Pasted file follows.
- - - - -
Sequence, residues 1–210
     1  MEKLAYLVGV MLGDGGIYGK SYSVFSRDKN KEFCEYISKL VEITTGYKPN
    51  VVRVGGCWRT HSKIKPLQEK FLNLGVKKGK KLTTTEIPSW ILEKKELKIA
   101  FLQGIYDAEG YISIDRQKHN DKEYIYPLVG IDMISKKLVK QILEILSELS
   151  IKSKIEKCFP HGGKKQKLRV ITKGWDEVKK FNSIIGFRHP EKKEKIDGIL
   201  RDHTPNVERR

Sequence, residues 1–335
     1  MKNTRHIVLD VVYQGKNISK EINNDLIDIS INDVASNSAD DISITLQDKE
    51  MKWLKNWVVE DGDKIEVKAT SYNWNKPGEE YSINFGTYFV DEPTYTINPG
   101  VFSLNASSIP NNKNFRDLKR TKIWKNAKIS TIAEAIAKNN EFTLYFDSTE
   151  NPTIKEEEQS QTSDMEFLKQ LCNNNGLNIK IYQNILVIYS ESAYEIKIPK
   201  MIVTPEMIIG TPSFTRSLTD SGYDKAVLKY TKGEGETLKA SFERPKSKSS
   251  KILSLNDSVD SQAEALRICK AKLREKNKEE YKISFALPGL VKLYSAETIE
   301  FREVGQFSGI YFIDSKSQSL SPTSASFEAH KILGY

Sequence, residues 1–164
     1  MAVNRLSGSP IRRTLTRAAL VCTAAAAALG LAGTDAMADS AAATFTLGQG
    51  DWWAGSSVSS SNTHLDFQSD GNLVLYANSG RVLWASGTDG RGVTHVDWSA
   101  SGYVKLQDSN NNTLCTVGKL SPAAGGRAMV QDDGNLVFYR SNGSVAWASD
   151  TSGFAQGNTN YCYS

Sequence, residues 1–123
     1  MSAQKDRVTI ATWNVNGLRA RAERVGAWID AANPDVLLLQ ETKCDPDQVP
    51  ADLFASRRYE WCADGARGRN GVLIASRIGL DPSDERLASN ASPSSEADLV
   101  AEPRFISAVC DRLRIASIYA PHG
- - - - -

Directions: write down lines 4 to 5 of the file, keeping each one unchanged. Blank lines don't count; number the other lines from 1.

   101  FLQGIYDAEG YISIDRQKHN DKEYIYPLVG IDMISKKLVK QILEILSELS
   151  IKSKIEKCFP HGGKKQKLRV ITKGWDEVKK FNSIIGFRHP EKKEKIDGIL